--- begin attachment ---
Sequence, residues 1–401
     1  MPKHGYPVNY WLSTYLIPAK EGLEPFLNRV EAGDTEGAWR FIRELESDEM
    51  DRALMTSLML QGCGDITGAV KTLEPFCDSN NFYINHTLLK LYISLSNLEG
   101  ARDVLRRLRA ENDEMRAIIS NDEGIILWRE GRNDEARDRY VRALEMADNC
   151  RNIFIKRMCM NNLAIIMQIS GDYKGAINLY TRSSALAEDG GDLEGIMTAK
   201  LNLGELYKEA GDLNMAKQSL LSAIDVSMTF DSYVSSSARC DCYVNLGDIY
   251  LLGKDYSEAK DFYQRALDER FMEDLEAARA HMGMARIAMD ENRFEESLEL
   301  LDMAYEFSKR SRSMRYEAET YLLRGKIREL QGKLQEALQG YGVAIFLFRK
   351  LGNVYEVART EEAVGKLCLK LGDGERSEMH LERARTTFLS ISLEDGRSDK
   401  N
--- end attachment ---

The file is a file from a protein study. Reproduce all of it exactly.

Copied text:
Sequence, residues 1–401
     1  MPKHGYPVNY WLSTYLIPAK EGLEPFLNRV EAGDTEGAWR FIRELESDEM
    51  DRALMTSLML QGCGDITGAV KTLEPFCDSN NFYINHTLLK LYISLSNLEG
   101  ARDVLRRLRA ENDEMRAIIS NDEGIILWRE GRNDEARDRY VRALEMADNC
   151  RNIFIKRMCM NNLAIIMQIS GDYKGAINLY TRSSALAEDG GDLEGIMTAK
   201  LNLGELYKEA GDLNMAKQSL LSAIDVSMTF DSYVSSSARC DCYVNLGDIY
   251  LLGKDYSEAK DFYQRALDER FMEDLEAARA HMGMARIAMD ENRFEESLEL
   301  LDMAYEFSKR SRSMRYEAET YLLRGKIREL QGKLQEALQG YGVAIFLFRK
   351  LGNVYEVART EEAVGKLCLK LGDGERSEMH LERARTTFLS ISLEDGRSDK
   401  N